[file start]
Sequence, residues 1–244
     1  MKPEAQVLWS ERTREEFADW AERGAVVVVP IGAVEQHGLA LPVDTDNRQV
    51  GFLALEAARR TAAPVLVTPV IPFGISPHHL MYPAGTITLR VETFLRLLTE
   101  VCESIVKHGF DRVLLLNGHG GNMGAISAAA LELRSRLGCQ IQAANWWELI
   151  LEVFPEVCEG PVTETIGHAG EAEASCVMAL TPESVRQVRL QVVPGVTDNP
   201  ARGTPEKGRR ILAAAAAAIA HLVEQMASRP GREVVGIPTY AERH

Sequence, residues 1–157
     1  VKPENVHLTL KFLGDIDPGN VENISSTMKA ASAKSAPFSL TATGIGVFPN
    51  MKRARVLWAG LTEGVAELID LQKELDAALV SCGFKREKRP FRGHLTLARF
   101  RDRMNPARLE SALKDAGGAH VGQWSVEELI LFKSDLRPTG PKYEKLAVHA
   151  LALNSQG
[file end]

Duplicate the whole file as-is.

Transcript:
Sequence, residues 1–244
     1  MKPEAQVLWS ERTREEFADW AERGAVVVVP IGAVEQHGLA LPVDTDNRQV
    51  GFLALEAARR TAAPVLVTPV IPFGISPHHL MYPAGTITLR VETFLRLLTE
   101  VCESIVKHGF DRVLLLNGHG GNMGAISAAA LELRSRLGCQ IQAANWWELI
   151  LEVFPEVCEG PVTETIGHAG EAEASCVMAL TPESVRQVRL QVVPGVTDNP
   201  ARGTPEKGRR ILAAAAAAIA HLVEQMASRP GREVVGIPTY AERH

Sequence, residues 1–157
     1  VKPENVHLTL KFLGDIDPGN VENISSTMKA ASAKSAPFSL TATGIGVFPN
    51  MKRARVLWAG LTEGVAELID LQKELDAALV SCGFKREKRP FRGHLTLARF
   101  RDRMNPARLE SALKDAGGAH VGQWSVEELI LFKSDLRPTG PKYEKLAVHA
   151  LALNSQG